Electric cars could suddenly get a lot more expensive

The $7,500 tax credit for electric car buyers in the US faces an unexpected premature death, with a new Republican tax plan cutting the credit immediately. The credit gives EV buyers a sizable cut on their tax bill when they purchase a new car, and has been instrumental in driving the adoption of electric vehicles across the country. Now, Republicans are proposing doing away with it altogether.

It's difficult to understate how much of an impact that could have. Currently, when federal and state tax benefits and credits are combined, potentially as much as $10,000 can be offset from the cost of a new electric car. Manufacturers like Tesla and Chevrolet often quote the post-credit figure as the bottom line drivers face for their car, in the process bringing what are often expensive vehicles more in line with their gas-powered counterparts.

Of those credits, though, it's the federal contribution that is the most sizable. The plan, created by the American Recovery and Reinvestment Act of 2009 (ARRA), was never intended to last forever. Indeed, manufacturers' cars were only to be eligible for the full, $7,500 credit until the automaker produced 200,000 qualifying vehicles in the US.

After that point, the credit would enter a so-called phase-out period. That would cut the credit by 50-percent for the first six months – bringing it down to $3,750 – and then down to just 25-percent of the original amount for a further six months. After that, it would end altogether.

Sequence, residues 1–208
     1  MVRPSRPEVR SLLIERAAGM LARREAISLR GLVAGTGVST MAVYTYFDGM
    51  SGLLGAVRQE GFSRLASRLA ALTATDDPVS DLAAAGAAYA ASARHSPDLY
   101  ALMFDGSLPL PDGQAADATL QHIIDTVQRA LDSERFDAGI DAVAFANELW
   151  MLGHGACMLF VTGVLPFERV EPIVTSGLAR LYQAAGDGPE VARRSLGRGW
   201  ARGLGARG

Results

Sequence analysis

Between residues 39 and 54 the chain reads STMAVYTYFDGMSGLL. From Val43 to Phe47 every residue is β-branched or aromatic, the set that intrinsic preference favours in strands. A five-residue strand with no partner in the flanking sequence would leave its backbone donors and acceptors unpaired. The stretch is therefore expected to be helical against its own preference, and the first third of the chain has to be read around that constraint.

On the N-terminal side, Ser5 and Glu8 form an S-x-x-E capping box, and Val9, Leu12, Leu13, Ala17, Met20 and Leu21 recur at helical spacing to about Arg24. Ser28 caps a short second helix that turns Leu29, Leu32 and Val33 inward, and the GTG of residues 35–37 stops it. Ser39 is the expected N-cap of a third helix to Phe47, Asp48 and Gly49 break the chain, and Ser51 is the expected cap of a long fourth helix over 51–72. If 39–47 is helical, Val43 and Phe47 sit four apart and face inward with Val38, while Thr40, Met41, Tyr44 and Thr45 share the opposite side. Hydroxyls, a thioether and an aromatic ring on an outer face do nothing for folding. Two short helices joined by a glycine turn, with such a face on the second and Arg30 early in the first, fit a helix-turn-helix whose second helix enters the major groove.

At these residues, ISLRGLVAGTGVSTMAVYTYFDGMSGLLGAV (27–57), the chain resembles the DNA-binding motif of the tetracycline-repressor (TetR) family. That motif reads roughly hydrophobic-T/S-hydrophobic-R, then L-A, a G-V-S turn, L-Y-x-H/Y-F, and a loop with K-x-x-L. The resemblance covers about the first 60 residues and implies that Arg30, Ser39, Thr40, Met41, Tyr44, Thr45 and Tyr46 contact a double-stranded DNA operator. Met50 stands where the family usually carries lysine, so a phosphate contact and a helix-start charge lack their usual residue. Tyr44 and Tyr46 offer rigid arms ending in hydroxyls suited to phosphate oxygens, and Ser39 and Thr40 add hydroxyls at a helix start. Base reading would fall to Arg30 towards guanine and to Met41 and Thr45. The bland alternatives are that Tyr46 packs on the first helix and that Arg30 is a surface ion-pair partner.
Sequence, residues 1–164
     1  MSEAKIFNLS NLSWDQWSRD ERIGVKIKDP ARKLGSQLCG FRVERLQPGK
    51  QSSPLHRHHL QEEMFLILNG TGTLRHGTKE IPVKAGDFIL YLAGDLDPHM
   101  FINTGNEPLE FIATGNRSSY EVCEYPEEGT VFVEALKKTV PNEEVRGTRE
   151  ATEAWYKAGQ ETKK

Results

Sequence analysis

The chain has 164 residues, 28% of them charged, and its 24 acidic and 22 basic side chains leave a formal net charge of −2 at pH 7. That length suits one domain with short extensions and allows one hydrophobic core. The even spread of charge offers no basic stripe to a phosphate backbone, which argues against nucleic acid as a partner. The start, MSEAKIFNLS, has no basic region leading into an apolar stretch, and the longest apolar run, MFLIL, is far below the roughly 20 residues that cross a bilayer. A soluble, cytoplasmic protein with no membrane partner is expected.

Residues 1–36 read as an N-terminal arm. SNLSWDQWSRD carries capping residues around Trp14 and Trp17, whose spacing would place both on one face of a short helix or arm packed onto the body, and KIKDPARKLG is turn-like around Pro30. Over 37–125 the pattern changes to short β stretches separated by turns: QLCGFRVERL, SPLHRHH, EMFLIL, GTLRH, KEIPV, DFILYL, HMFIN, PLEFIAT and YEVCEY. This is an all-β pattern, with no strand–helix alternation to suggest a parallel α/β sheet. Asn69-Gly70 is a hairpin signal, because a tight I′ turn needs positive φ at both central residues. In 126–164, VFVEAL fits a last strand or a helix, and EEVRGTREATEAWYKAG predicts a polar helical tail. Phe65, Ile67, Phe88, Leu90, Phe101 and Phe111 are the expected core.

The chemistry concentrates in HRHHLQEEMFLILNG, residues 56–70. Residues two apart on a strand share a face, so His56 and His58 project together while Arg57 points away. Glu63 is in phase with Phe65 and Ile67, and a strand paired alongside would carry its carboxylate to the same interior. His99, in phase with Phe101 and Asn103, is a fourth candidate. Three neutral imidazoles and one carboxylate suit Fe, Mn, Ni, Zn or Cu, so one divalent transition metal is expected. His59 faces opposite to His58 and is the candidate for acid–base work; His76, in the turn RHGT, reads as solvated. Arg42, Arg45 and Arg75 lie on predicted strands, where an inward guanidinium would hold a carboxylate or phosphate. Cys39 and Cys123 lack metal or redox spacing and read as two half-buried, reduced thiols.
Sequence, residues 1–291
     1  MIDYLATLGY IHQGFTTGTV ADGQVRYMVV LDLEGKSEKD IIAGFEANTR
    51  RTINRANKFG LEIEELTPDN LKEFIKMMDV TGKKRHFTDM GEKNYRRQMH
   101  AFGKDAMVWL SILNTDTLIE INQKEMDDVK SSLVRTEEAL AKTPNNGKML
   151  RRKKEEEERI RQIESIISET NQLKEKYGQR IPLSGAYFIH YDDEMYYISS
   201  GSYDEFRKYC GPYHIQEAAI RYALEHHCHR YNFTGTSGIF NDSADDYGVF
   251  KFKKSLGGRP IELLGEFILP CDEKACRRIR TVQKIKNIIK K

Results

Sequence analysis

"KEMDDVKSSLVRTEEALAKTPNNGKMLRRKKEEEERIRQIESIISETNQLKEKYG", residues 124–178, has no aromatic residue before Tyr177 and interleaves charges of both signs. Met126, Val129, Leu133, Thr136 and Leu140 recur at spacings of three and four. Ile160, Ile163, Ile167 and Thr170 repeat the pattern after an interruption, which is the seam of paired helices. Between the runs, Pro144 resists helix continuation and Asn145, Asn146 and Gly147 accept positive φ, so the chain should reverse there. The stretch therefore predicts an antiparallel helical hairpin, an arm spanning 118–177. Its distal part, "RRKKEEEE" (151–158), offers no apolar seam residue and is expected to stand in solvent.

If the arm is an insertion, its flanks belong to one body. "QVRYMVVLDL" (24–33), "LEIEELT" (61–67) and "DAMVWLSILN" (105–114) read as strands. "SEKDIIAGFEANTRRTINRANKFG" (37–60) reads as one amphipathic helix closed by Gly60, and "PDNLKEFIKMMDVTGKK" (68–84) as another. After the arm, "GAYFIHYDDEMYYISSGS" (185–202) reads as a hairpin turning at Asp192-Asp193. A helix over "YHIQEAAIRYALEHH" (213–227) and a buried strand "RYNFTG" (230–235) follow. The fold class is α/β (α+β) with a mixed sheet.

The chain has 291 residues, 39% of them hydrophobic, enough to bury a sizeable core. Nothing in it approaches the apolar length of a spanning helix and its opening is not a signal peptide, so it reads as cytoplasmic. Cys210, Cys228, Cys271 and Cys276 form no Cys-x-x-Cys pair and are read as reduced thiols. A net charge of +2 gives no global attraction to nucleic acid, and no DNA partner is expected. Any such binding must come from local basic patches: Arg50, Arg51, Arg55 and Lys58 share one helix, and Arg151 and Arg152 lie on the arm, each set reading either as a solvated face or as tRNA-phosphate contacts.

Now, though, it faces a much sooner end, Bloomberg reports. The proposed tax plan would axe the federal EV credit altogether, and immediately, in the name of streamlining the number of tax brackets and reducing the rate of tax that corporations pay.

It could bring chaos to the electric vehicle market. Automakers are already seeing EVs as not just offering slim margins but potentially costing them on every car sold. Tesla announced its worst financial quarter in the company's history earlier this week, with significantly lower Model 3 production than expected. Elon Musk's company has spent more than $2.5bn in cash in Q2 and Q3 this year already.

The fear is that, if it is removed, the loss of the credit could have a significant impact on sales of Tesla's most affordable car, the Model 3, and indeed similar vehicles like the Chevrolet Bolt EV and Nissan Leaf. Tesla already faced running out of full-value credits anyway: the $7,500 it counts on to help bring the well-publicized $35k price tag for its newest car is set to run out sometime in 2018 if Musk's predictions on production pan out.

For the moment, the tax plan is far from decided upon, never mind law. As we've seen from the government in recent months, negative feedback from the public and industry around proposed legislation can lead to lawmakers backtracking, anxious to avoid embarrassing defeat. Nonetheless, if you were saving up for a Model 3 and, like many, have estimated delivery dates at the end of 2018 or into 2019, your future purchase might get unexpectedly more expensive.